3 Reasons To Define Your Target Market

Every organization has a target market. [Your church included.] This target market defines a particular demographic that the organization’s efforts and resources are focused on reaching.

When a radio station plays all pop music, it is targeting teenagers and young adults. It certainly welcomes older listeners, but its genre is directed at a specific age group.

When a clothing store paints its walls pink and puts flowers in the windows, it is communicating that the space is designed for women. It won’t turn away male customers and may even have a few sale racks for them, but the environment was not designed with men in mind.

When Nike puts athletes in every commercial, it is presenting its products to people who play sports. They will not stop uncoordinated people like me from buying their shoes, but those shoes were not made with me in mind.

And whether your church means to or not, when you select your worship songs, decorate your facility, design your promotions, and make every decision, you are focusing on a certain demographic. You might not say it [you may even resist admitting it] but everything you do attracts the attention of a particular audience.

Maybe you have resisted the idea of defining your target market. After all, the gospel is for everyone and Christianity is not exclusive. But defining a target market is not about rejecting non-targeted individuals. It is simply an acknowledgement of the people receiving your primary focus and being consistent in the way you approach them.

The fact of the matter is, you already have a target market. And there are 3 reasons why I believe you should go ahead and define it…

1. A target market gives your church PERSONALITY

People are attracted to organizations with personality. Apple builds its products and stores with a young audience in mind. With this focus, it has created a fun, modern, and innovative personality that actually engages a wide variety of people. Interestingly, this personality regularly attracts people outside of the target market. (I bet you can think of several Apple users age 55+.) Dell Computers is quite the opposite. It has a much broader target market and equally less personality. Organizational personality can be attractive to people of every type but it is built with a clear focus on a specific demographic.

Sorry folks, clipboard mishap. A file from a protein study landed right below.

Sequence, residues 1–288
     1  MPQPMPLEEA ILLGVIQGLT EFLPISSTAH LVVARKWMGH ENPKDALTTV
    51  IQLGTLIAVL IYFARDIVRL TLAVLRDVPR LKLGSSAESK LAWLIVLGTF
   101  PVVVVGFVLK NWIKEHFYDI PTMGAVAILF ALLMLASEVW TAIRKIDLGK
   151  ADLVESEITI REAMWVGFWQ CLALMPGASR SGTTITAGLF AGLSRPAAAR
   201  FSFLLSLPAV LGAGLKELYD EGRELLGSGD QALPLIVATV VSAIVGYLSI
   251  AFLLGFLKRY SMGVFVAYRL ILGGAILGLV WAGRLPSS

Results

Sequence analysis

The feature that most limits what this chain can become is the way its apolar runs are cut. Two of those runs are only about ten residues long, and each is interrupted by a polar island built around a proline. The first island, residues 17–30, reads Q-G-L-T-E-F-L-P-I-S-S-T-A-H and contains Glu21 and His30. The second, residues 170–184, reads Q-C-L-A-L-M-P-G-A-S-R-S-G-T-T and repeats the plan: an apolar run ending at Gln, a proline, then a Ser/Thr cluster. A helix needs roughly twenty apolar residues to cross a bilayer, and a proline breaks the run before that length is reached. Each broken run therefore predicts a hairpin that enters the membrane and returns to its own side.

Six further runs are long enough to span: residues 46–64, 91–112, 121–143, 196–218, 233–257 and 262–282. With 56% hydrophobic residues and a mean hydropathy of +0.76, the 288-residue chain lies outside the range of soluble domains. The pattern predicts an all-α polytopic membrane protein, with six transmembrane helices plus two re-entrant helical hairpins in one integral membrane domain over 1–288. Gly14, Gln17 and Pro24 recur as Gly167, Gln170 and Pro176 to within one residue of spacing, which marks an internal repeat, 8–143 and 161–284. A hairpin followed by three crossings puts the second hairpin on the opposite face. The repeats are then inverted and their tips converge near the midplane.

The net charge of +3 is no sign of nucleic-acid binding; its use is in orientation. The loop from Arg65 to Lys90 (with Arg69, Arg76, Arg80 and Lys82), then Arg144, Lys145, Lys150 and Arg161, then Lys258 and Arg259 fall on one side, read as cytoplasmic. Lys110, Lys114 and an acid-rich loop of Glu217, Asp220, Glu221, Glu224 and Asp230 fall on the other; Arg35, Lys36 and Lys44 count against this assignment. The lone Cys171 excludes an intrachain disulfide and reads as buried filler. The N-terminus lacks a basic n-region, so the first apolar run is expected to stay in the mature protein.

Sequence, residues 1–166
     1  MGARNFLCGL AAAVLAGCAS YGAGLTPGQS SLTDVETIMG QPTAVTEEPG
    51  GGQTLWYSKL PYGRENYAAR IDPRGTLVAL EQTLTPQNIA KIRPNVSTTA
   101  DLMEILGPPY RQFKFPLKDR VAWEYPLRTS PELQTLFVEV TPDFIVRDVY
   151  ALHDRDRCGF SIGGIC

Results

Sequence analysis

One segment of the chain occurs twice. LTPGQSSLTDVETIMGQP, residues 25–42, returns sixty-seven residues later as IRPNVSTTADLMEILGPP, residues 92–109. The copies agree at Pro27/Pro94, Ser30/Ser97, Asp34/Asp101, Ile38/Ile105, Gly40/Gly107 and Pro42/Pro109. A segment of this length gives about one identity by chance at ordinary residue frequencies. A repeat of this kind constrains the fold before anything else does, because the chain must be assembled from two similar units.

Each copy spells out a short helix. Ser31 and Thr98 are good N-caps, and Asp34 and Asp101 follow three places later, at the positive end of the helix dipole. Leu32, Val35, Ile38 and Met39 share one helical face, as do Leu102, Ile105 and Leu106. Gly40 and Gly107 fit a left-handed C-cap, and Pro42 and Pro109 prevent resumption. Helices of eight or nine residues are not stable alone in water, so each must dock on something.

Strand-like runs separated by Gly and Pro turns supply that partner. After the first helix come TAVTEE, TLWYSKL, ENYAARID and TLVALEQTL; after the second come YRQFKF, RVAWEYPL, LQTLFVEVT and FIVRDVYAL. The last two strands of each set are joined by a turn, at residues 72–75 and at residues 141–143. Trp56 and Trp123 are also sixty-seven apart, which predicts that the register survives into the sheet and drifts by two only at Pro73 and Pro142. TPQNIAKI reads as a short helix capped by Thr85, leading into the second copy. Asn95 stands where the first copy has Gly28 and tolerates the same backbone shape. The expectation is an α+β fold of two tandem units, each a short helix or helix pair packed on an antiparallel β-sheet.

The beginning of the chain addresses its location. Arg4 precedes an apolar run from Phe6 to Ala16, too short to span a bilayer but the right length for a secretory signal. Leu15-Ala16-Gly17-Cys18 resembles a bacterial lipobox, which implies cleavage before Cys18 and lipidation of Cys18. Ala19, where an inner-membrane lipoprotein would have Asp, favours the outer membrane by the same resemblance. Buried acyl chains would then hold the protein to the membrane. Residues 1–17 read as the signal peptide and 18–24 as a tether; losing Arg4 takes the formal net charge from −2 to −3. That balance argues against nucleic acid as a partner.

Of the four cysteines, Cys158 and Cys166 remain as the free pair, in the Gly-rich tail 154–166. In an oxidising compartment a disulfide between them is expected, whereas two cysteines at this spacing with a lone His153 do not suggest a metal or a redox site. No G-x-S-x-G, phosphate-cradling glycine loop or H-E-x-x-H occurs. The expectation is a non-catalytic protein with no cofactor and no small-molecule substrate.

2. A target market gives your church CONSISTENCY

Pull together every piece of communication in your church — every handout, every flyer, every poster, and every webpage. If you removed your logo from each of item, would someone still be able to see that they belong together? A consistent expression of your organization presents your church as a focused effort with a clear sense of purpose. When everything looks different, your organization appears to lack unity and direction. Defining your target market gives you a single audience for every piece of communication. With a focus on one audience, each department of your church can communicate with consistency.

3. A target market gives your church RELEVANCE

When a church lacks a defined target market, it continues to make decisions based on the people it has already reached. The problem is that those individuals are growing older over time. As efforts and resources continue to focus on that audience, ministry methods will become outdated. While the culture outside of the church is constantly changing, the methods of such a church eventually become irrelevant.

Defining a target market gives you an area of external culture to focus on. For instance, were your target “25-40 year old parents”, your leadership team could continue asking “What is the best way to reach 25-40 years old parents?” for years to come. The specific parents will change over time but your church’s focus will not as it constantly reinvents itself to reach the next generation of them. This ensures that methods are constantly updated to reach unbelievers.

So are you wondering who your target market may be? Take a look around your church this weekend and ask, “What do the majority of these people have in common?” Does that target position you to reach your community for years to come? If so, clearly define it and ensure that you continue to reach it. If your vision for the future involves a different focus, define a new target market and begin to seek out the best ways to reach it.

This month’s Meetings That Matter will include a meeting agenda to help your team clarify its target market. Sign up here to get it soon!

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Ryan Stigile